“That’s really what I’m getting at, is to write what feels familiar,” says playwright, Audrey Cefaly, at a talkback following her play “Love is a Blue Tick Hound” at Terrific New Theatre. This play is a collection of four short plays, “Fin & Euba,” “Clean”, “Stuck” and “The Gulf”, which each feature two characters, one of whom is stuck in some sort of predicament.
Cefaly, a Southern writer and Alabama native, focuses her writing on the characters, rather than the plot. The press release for the play says, “Her work is finely tuned to the colorful voices and stories of working-class people and seeks to explore the human condition through intimate character‐driven vignettes expressly designed and edited to effect a cathartic release for the viewer.”
She describes this cathartic release as religious, saying, “People don’t fall in love with plot; they fall in love with people, and I want, when people come to see my stories, I do want it to feel like church…”
These short plays chip away at something deeper than what is initially presented to the audience. As the play goes on, the characters and their true motivations are revealed. And while the four plays are not connected by their content, they share a thematic connection.
Cefaly says, “Thematically, I think the plays are connected because, in every single one of these pieces, there’s a protagonist that’s stuck… I think everyone can relate to the idea that you find yourself in phases in your life where you just feel stuck…and it’s not that it’s that bad, except that it is, except that you just kinda go along and then you realize, ‘I’ve just been not happy for so long’.”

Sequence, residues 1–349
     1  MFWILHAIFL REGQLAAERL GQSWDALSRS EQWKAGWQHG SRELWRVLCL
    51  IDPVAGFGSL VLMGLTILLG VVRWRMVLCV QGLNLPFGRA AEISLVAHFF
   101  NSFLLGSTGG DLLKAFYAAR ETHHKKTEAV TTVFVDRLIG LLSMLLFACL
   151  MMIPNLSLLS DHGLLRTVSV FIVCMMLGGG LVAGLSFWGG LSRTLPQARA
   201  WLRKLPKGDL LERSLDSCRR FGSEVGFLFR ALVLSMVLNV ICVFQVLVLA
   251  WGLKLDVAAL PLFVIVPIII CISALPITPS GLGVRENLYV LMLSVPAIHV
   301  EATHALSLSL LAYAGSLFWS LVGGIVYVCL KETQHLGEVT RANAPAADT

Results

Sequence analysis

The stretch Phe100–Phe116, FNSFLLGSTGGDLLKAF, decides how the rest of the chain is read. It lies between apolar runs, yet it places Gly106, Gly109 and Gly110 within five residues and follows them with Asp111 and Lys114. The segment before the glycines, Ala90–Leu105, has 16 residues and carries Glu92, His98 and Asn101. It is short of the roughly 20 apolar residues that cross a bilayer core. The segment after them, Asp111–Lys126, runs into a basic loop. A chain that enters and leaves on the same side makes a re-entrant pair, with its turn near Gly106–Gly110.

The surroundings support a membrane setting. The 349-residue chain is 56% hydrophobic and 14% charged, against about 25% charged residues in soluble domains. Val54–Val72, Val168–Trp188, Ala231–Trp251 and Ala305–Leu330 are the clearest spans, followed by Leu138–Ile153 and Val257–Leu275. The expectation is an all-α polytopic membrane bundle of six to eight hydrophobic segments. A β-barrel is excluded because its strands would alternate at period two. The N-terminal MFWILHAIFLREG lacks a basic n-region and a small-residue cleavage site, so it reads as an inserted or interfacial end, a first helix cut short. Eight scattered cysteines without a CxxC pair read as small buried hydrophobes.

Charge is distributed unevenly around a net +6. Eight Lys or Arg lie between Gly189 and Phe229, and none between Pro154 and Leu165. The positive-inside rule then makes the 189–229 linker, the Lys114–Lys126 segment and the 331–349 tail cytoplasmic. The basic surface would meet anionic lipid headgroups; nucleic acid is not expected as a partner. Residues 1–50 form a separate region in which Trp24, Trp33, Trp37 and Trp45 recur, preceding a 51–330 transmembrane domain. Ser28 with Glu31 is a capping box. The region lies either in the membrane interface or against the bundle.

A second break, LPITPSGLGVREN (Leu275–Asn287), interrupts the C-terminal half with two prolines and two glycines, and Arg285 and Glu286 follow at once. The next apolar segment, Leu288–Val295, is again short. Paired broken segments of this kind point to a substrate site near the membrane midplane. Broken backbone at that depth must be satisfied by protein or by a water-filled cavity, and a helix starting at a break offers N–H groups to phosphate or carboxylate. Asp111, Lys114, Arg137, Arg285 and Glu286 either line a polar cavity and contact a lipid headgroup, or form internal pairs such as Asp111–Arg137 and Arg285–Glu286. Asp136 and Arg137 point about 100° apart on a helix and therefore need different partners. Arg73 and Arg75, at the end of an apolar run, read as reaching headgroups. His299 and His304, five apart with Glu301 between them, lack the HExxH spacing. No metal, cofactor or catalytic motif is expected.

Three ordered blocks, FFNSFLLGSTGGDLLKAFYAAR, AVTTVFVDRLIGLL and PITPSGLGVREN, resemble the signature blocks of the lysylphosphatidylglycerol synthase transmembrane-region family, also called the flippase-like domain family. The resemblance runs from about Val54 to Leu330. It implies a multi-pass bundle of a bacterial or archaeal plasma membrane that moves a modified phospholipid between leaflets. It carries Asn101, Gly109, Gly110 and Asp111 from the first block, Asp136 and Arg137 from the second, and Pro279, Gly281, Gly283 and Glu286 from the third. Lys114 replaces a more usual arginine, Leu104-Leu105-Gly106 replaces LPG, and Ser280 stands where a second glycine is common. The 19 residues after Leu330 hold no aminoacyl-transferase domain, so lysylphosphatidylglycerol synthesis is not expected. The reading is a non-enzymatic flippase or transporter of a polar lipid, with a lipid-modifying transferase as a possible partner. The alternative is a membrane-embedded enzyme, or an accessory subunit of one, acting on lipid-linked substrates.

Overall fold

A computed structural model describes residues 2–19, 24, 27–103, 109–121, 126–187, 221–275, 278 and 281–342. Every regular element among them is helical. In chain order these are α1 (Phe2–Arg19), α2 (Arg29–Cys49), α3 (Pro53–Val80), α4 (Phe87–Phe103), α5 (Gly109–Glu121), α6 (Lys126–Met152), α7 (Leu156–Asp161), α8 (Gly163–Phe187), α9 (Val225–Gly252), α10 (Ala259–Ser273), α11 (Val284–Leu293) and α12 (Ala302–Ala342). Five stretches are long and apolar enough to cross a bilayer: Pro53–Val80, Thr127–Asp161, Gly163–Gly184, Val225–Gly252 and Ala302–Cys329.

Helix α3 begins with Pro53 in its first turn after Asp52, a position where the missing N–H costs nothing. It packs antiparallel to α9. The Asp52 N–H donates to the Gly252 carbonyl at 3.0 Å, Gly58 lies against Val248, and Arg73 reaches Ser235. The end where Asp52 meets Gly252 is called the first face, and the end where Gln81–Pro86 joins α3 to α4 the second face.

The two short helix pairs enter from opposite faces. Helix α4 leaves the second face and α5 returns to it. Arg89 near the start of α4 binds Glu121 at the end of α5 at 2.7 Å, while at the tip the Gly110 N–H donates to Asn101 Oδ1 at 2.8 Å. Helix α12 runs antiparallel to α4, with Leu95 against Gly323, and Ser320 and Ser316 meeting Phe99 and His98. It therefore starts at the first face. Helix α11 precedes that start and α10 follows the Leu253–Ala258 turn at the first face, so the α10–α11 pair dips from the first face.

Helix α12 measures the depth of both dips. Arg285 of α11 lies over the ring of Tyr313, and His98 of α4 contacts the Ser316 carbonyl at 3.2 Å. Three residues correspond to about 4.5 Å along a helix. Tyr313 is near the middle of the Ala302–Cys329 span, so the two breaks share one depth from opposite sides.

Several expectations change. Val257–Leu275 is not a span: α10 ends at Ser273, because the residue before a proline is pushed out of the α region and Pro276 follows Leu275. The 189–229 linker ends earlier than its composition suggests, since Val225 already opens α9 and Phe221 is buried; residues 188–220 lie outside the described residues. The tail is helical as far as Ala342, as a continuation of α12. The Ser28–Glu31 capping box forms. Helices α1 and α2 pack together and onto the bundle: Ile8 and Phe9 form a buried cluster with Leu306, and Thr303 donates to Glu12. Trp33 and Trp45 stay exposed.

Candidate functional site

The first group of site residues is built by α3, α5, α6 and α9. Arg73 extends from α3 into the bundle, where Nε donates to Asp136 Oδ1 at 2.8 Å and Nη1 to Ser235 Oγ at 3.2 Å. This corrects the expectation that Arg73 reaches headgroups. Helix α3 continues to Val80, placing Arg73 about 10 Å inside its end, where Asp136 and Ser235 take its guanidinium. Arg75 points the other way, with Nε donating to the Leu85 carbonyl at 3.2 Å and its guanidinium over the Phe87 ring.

The simple set that consists of various boxes, set up differently for each play, and the presence of only two characters onstage lend themselves to a viewing of a play that focuses on those characters and their relationships. The audience is not distracted by an elaborate set or other elements, but is free to immerse themselves into the struggle that the characters are going through.
Cefaly has developed a sort of formula for her 24 minute plays, and each one follows a similar structure, but each play contains a different type of struggle. One audience member told Cefaly, “The form, that’s interesting to me…but first and foremost, it was the reality of the humanity, and I was moved.”
Another audience member, Kalyn Lake, was curious as to how the four plays would fit together, especially with no apparent connection between the four. After seeing them, she realized, “Even though the plays were very different, they all had an overall theme of love that connected them.” It was this realization that led to her appreciation of the piece.
This underlying theme of love, and love amidst tension, connects all four plays. They are written to show this love to an audience because Cefaly looks for the heart in each situation. “In every single episode of The Office, there is someone aching for something. And the writers let us see that…There’s that ache and that longing, and I may not understand your predicament, but I recognize the ache, and that’s what those writers are getting at, and that’s what I’m getting at.”
To learn more about “Love is a Blue Tick Hound”, click here.
To learn more about Terrific New Theatre, click here.